Bicycles are an eco-friendly method of transportation, but can be dangerous no matter where you ride. Riding on the sidewalk is illegal in most cities, and being on the road with cars can be especially dangerous.
Many drivers are agitated by the presence of a bike; others don’t pay attention. Still, accidents occur even when people are alert. Is it possible to be eco-friendly and safe at the same time?
Consider the physical and financial risks
Despite the endless debate over whether bicycles belong to the road, the undeniable fact is that roads weren’t designed to safely accommodate bicycles. Allowing bikes on the road was an afterthought. No matter how many logical arguments exist in favor of “sharing the road,” statistics prove that riding a bicycle with traffic is dangerous.
Regardless of how safely you ride your bike, the fact is, if you’re involved in a crash with a car, you’ll be the one with more severe injuries. Even if the driver who hits you has insurance, you may be stuck footing the bill.
Insurance doesn’t have your back
An expert attorney who formerly represented insurers explains their deceptive intentions, “An insurance company can take anything you say – even a seemingly harmless statement – and use it against you in an effort to minimize or deny your claim. An insurance company may also take advantage of your situation and offer a settlement that fails to cover all of your damages.”
As bicyclist Lucas Root learned, sometimes, insurance companies won’t cover damages at all. Root was struck by the car door of an Uber driver and lost three teeth when he hit the pavement. Neither Root’s or Uber’s insurance stepped up to the plate, so he filed a lawsuit against Uber and the driver to recover his medical costs.
If you’re lucky enough to survive, and you do manage to get your hospital bills covered, you still have to go through the healing process. No amount of money will eliminate your pain and suffering.
US cities are improving existing bike lane safety
Cities in the Bay Area, California are improving the style and function of bike lanes in areas where cyclists are more likely to mix with cars. They’re not only painting existing bike lanes bright green with a sparkling texture, but they’re extending those green lanes across intersections where cyclists often ride.
Some improvements don’t work as well
In San Francisco, right turn lanes designed for cars have been repainted bright green to allow bicycles to turn with traffic. However, it’s not always effective. In downtown San Francisco where traffic is intense and lanes merge without warning, sharing right turn lanes with bicycles makes it challenging for cars to get into the lane.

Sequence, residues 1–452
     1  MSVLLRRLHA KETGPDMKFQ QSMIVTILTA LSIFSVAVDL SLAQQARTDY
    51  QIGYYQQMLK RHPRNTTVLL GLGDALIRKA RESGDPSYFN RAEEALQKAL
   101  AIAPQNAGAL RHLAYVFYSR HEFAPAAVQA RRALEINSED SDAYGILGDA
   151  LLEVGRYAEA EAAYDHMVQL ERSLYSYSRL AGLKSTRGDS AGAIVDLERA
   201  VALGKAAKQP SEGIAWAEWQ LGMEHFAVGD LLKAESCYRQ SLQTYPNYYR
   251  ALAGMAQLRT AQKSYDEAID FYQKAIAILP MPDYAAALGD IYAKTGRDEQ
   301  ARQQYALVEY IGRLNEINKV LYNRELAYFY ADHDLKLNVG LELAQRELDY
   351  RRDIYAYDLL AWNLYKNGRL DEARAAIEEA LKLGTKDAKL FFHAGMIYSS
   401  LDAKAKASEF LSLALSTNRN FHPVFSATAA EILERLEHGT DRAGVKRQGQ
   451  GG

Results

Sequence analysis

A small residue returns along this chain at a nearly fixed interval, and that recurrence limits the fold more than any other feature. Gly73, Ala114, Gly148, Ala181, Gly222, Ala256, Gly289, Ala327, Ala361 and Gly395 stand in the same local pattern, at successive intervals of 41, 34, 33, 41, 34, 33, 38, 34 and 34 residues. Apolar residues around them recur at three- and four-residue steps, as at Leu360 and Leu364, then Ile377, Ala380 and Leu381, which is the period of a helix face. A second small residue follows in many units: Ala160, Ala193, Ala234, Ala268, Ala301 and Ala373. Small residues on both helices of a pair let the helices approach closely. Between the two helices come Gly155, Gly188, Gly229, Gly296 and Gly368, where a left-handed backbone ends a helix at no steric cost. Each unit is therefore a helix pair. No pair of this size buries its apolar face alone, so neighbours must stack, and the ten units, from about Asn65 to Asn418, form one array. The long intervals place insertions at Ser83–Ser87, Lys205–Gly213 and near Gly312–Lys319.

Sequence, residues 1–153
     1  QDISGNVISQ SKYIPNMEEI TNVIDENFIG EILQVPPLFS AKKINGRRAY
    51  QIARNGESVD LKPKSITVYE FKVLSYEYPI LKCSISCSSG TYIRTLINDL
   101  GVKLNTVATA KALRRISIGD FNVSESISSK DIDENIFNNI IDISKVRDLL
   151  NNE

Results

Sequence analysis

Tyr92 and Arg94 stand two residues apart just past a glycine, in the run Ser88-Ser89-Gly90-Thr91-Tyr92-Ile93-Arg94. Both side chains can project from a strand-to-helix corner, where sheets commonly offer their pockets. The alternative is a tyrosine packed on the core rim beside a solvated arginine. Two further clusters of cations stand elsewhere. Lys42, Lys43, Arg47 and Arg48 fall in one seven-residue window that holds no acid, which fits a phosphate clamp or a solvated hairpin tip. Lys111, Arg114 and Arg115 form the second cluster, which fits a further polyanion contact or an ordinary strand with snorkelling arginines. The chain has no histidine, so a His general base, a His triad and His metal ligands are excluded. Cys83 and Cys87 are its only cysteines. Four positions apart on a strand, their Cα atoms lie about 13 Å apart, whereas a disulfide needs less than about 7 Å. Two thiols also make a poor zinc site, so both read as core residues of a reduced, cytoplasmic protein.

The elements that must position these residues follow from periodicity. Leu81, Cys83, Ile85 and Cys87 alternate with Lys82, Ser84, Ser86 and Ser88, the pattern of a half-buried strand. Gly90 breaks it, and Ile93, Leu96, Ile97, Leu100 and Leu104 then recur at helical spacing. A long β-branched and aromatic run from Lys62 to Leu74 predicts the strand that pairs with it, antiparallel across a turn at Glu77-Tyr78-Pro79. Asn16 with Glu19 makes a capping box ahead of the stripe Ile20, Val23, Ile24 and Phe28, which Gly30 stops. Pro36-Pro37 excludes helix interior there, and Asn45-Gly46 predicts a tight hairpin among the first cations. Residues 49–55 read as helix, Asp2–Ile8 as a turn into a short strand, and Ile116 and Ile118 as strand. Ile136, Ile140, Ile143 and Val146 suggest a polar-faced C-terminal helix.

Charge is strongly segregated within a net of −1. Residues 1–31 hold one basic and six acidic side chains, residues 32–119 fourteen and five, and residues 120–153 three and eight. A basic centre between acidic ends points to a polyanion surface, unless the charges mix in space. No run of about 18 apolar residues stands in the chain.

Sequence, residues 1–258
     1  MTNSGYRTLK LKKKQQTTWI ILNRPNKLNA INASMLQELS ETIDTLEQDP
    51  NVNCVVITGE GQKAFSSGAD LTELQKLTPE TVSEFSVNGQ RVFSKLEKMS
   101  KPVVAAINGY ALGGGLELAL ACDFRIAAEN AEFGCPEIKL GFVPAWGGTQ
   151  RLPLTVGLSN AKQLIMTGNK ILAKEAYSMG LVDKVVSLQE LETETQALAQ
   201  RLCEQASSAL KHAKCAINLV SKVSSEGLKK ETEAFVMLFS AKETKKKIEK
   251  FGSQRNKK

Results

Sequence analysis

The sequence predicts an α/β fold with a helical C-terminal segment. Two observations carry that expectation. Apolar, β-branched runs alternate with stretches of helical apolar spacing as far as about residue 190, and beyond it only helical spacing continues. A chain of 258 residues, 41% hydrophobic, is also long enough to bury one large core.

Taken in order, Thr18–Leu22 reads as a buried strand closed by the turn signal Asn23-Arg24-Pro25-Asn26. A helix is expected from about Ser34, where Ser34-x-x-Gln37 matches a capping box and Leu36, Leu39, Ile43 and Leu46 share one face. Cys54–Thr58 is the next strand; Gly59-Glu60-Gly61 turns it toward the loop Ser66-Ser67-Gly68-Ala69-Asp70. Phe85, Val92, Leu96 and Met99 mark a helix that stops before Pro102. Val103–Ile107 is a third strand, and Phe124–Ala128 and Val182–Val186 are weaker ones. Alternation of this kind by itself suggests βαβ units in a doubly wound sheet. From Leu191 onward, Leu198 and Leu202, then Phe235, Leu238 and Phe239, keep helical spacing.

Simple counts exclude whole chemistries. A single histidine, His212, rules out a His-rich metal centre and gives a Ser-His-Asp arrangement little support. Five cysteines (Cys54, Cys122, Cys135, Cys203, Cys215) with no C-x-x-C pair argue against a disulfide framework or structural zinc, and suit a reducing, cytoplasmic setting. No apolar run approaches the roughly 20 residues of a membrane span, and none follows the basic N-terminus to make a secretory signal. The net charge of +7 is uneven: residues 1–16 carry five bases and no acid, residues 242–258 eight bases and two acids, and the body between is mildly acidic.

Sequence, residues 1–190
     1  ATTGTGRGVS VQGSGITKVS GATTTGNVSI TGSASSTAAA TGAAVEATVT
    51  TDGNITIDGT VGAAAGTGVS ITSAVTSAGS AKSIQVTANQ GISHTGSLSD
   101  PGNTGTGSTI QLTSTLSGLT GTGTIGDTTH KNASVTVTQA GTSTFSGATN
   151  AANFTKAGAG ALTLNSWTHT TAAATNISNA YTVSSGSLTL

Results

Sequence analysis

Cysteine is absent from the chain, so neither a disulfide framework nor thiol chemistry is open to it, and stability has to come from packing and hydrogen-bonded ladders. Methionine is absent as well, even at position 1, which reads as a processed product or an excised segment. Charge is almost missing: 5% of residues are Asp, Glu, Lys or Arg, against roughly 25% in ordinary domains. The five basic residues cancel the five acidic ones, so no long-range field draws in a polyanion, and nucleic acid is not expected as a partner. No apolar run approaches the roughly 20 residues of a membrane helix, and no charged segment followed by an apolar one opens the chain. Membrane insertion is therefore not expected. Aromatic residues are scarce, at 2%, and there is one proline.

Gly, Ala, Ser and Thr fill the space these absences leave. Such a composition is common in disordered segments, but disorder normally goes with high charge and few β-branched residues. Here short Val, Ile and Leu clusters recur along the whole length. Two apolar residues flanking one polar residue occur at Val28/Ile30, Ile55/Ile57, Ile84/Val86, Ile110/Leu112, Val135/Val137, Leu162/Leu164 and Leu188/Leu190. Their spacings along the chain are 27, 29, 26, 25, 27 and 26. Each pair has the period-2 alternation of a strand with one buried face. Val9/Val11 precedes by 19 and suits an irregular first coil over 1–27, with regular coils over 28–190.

In a city where missing your turn could send you five miles in the wrong direction before you can make a U-turn, drivers have to enter the turn lanes aggressively no matter how many bikes are present.
Designers from the Netherlands are ahead of the game
In the Netherlands, a project dubbed Smart Highway aims to create sustainable and safe roads for bicycles and cars. Designer Daan Roosegaarde has already implemented the use of photo-luminescent paint to mark the edges of roads, resulting in more visibility and safety. His project has also launched a luminescent bike lane resembling Van Gogh’s Starry Night.
Glowing bike lanes have been built in Poland as well, making it a bit safer to ride at night.While the bike path in Poland is lit up by solar powered LED lights, the path in the Netherlands uses luminophores – a man-made material that soaks up energy from the sun and glows in the dark for about ten hours.
Band-aid methods aren’t sustainable
For decades, we’ve been adding bike lanes to public roads by borrowing narrow strips from lanes designed for cars. Cars often need to swerve around cyclists to avoid hitting them. Driving on a narrow two-lane road isespecially dangerous; bikes traveling on both sides of the road can cause a head-on collision between two cars swerving to avoid the bikes.
We can’t reconstruct every road from scratch, so there has to be a better solution.
Is it time for bicyclists to get licensed?
Although required to follow all traffic laws, many cyclists don’t. Perhaps it’s time to require a license for riding a bicycle in traffic to improve safety. After all, if drivers of cars and motorcycles are required to have a license to drive on the road, bicyclists should be no exception.
Article Submitted By Community Writer